British cede Kashmir including
Ladakh to the Hindu Dogras in 1846
Hindu rule in Kashmir continued until Independence in 1947
Ladakh part of India until today
1840-1: Kashmir vs. Tibet War
Dogra invasion of Tibet repulsed;
Tibetans defeated in Ladakh, territory
remains with raja of Kashmir
Maharaja of Kashmir, 1900
British in the Himalayas:
Sahibs Hunt
British Develop Himalayas
Hill stations for monsoon and heat seasons
Western Himalayas:
Shimla, Mussoorie,
Darjeeling, Ooty,
Jammu, Kashmir.
Eastern Himalayas
Darjeeling, Gangtok,
Kurseong, Mirik,
Shillong, Imphal
British Military Recruitment:
Employment of “Hill Men” of India and Nepalese “Gurkhas”
Modern Nepal:
Pan-regional conquests and Final formation after British conflicts
Mughal Influences
Rana Rule: 1846-1950
Autocratic Era: Country closed to outsiders.
No national treasury, only Rana family
holdings. Few efforts to develop
infrastructure, including public schools,
roads, etc.
Aggressive Hindu nationalism, including
Hindu law imposed. Non-Nepali languages
and cultures repressed.
Over 100 Rana Palaces built,
importing Italian architects,
Younghusband Expedition to Lhasa
Massacres, surrender, forced pact to open
roads, telegraph, mail service, Resident in Lhasa
Expedition to Gyantse, and Lhasa,
negotiations with Dalai Lama
In 1642
Persecution of the Nyingmapa sect
in Tibet lead to their leaders
fleeing the country and taking
refuge in Sikkim and Bhutan.
Phuntsog Namgyal, the grandson
of Khye Bumsa is consecrated
as the first Chogyal
Darjeeling separate from Chogyal
as part of British India;
becomes “hill station”, tea
growing area.
Indian Annexation
Darjeeling as Hill Station
in 1616, the Shabdrung Lama
repelled numerous Tibetan
invasions, unified the many
warring regional feudal overlords,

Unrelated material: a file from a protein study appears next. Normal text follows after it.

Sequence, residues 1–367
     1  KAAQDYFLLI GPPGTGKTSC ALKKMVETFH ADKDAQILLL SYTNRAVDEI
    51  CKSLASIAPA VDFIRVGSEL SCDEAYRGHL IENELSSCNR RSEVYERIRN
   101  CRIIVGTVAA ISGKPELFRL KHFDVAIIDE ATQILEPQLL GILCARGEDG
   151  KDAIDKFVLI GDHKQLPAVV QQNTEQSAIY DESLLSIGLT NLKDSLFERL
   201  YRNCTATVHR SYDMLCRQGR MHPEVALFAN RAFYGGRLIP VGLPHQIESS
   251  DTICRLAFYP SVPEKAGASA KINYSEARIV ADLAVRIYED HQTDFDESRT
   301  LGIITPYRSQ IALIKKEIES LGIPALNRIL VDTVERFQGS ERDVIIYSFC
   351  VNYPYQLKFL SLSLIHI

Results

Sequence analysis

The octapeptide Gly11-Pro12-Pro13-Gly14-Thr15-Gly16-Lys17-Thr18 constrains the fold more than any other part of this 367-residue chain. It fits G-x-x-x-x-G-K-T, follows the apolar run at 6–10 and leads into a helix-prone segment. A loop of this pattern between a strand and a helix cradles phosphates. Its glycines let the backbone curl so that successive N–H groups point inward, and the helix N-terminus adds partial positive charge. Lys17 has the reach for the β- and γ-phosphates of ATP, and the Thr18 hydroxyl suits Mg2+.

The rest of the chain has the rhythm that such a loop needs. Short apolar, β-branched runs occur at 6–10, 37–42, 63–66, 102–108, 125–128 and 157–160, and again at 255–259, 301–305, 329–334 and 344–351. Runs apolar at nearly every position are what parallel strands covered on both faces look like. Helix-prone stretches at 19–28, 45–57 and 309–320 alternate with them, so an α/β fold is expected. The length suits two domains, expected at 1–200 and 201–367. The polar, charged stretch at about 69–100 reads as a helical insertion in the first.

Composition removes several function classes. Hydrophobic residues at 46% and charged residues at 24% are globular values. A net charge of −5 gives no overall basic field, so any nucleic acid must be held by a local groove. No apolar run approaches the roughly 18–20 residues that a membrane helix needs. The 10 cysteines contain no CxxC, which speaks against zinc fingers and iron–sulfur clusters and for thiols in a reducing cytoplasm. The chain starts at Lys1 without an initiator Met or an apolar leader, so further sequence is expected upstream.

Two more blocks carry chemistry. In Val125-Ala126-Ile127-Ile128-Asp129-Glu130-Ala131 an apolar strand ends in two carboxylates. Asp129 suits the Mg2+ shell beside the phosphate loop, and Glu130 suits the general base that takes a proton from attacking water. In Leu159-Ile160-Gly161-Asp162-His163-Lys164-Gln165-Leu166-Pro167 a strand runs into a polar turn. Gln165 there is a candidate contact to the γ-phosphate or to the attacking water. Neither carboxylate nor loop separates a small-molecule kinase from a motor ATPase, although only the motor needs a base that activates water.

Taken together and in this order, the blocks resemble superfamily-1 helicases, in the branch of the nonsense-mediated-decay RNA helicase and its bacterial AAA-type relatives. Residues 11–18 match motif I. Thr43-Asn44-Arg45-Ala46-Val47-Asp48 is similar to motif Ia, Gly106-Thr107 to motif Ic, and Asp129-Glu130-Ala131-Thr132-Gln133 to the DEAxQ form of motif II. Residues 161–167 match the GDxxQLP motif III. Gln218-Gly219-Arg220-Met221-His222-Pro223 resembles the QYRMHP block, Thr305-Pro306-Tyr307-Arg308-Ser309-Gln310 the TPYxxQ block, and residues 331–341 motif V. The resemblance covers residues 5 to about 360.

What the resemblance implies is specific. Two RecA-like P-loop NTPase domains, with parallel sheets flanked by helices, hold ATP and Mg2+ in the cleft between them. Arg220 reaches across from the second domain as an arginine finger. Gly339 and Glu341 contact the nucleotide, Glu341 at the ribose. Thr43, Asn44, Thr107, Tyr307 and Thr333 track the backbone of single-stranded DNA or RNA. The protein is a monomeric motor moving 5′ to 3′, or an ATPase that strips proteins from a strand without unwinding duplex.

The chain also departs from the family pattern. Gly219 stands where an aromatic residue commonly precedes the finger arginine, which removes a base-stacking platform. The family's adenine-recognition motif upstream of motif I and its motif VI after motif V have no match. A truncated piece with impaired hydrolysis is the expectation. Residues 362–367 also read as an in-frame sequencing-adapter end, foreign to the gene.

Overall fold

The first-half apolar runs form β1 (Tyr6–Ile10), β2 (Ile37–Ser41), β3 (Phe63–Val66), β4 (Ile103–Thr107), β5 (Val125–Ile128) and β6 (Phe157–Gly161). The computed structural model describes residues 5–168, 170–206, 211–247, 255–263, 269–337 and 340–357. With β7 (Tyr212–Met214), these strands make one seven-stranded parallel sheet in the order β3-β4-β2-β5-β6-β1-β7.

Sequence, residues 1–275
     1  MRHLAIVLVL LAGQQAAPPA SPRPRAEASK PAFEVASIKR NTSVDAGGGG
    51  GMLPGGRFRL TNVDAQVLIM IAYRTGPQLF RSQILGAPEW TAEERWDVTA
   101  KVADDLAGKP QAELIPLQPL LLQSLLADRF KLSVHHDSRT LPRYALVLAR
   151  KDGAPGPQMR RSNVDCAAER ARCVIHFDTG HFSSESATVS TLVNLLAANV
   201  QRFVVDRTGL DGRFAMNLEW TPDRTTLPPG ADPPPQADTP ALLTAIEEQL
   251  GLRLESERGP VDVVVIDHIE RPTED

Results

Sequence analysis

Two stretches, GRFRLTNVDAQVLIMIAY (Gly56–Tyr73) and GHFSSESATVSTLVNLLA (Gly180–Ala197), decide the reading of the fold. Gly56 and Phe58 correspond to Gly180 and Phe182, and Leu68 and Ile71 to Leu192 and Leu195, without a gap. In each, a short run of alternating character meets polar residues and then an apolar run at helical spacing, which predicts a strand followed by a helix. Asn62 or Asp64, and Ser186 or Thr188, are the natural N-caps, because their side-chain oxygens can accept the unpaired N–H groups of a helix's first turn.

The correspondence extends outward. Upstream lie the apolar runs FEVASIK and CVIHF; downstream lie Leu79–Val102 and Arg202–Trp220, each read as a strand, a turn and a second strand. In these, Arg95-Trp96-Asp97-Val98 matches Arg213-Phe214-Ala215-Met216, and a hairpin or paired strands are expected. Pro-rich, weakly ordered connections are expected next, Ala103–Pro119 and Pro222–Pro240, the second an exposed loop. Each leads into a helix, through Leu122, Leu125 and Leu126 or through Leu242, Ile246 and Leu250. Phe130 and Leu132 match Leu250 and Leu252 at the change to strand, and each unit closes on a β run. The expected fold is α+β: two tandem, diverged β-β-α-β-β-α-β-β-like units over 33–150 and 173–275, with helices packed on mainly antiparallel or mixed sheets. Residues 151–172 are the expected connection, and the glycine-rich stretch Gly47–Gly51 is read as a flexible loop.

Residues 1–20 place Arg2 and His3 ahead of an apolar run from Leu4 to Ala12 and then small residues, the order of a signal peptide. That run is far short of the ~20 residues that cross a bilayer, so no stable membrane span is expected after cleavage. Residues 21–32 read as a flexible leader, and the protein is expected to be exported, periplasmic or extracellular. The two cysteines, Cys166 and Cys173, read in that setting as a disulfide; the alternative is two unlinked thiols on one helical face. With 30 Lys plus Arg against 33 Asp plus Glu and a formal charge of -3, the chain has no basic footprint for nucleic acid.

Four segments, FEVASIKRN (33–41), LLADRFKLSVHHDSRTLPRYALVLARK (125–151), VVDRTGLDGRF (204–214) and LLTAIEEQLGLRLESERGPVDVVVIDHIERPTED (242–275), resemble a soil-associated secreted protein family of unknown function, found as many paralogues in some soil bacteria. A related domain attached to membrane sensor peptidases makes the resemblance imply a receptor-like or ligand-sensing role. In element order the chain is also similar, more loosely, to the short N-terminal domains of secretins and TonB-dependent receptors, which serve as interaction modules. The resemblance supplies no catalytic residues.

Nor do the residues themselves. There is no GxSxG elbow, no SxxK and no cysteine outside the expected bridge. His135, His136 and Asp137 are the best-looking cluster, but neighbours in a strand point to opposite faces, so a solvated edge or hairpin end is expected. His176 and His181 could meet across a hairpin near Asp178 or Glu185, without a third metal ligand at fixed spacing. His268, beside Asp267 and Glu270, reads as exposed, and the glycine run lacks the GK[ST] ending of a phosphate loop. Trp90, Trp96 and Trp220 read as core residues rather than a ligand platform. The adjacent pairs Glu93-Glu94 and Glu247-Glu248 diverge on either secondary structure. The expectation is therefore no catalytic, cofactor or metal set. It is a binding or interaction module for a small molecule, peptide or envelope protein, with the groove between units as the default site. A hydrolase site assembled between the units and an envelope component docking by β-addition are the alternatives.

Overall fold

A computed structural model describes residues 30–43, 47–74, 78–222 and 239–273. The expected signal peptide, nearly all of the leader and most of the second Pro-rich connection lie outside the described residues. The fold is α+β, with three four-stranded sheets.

and brought all of Bhutan under
the influence of the Drukpa
Kagyud School.
In 1907, Ugyen Wangchuk was
unanimously elected by all
Regional Governors and the
Central Monastic Body, at the
Punakha Dzong and crowned
"Druk Gyalpo" (literally, precious
ruler of the dragon people). The
present king, the fourth hereditary
monarch, is Druk Gyalpo Jigme
Singye Wangchuk,
Dzong-s as centers of society
Domestic Culture
Recent Issue:
National Development based on “Gross National Happiness”
and the problem of Ethnic/Cultural Nationalism
Responding to new laws requiring proof of
citizenship, national dress [gyo] and
language [dzong-kha], Nepali-speaking
residents fled Bhutan around 1990. Most of
the 100,000 were stripped of land and
denied claims to citizenship and expelled.
As of 2008, most remain in refugee camps in
Nepal, the only country that would grant
Useful recent Bhutanese Movies
NE Himalayas:
Assam and Arunachal Pradesh
Great national Hindu
temple of Kamakhya,
Himalayan Frontier as Region of Uprisings:
Hill people vs. Plains elites
NE Himalayas
Darjeeling and Assam
Gorkhaland State
Secession from India Movement
Media and its opening new vistas
Extreme Poverty and the Challenge
of Community Uplift
Buddhism beyond
ethic and national

PowerPoint Slides - College of the Holy Cross